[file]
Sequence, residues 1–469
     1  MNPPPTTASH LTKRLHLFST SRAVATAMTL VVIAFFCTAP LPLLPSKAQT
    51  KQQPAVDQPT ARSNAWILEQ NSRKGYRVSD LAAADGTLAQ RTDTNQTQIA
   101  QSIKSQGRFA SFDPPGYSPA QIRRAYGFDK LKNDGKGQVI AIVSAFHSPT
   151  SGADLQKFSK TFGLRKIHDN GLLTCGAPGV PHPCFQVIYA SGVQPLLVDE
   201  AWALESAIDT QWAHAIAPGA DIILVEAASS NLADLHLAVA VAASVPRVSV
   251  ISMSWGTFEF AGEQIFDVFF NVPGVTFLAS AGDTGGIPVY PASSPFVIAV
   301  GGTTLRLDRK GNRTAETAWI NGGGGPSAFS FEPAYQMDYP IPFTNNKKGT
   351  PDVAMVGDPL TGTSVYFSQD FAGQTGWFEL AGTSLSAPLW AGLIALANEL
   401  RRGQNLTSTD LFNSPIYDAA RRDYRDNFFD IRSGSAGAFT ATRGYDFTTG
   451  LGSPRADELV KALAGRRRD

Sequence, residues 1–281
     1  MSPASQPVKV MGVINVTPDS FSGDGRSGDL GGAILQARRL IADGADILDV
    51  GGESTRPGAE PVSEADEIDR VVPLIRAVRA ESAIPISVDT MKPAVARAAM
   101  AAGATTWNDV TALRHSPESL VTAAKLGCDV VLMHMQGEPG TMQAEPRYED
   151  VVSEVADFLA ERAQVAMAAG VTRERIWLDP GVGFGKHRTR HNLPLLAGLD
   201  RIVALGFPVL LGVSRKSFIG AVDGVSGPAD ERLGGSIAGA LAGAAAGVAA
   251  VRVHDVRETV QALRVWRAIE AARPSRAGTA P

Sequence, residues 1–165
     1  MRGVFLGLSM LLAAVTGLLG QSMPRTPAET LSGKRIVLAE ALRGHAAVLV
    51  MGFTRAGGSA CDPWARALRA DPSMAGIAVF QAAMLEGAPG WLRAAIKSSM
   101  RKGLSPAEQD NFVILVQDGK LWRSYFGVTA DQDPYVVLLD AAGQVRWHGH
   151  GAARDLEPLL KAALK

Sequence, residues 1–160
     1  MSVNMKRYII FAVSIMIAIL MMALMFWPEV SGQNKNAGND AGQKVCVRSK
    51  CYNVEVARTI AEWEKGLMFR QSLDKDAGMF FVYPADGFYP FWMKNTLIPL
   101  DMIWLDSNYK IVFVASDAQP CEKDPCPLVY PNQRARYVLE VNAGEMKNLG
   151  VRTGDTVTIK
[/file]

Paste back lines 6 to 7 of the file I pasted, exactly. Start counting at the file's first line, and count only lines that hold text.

   201  AWALESAIDT QWAHAIAPGA DIILVEAASS NLADLHLAVA VAASVPRVSV
   251  ISMSWGTFEF AGEQIFDVFF NVPGVTFLAS AGDTGGIPVY PASSPFVIAV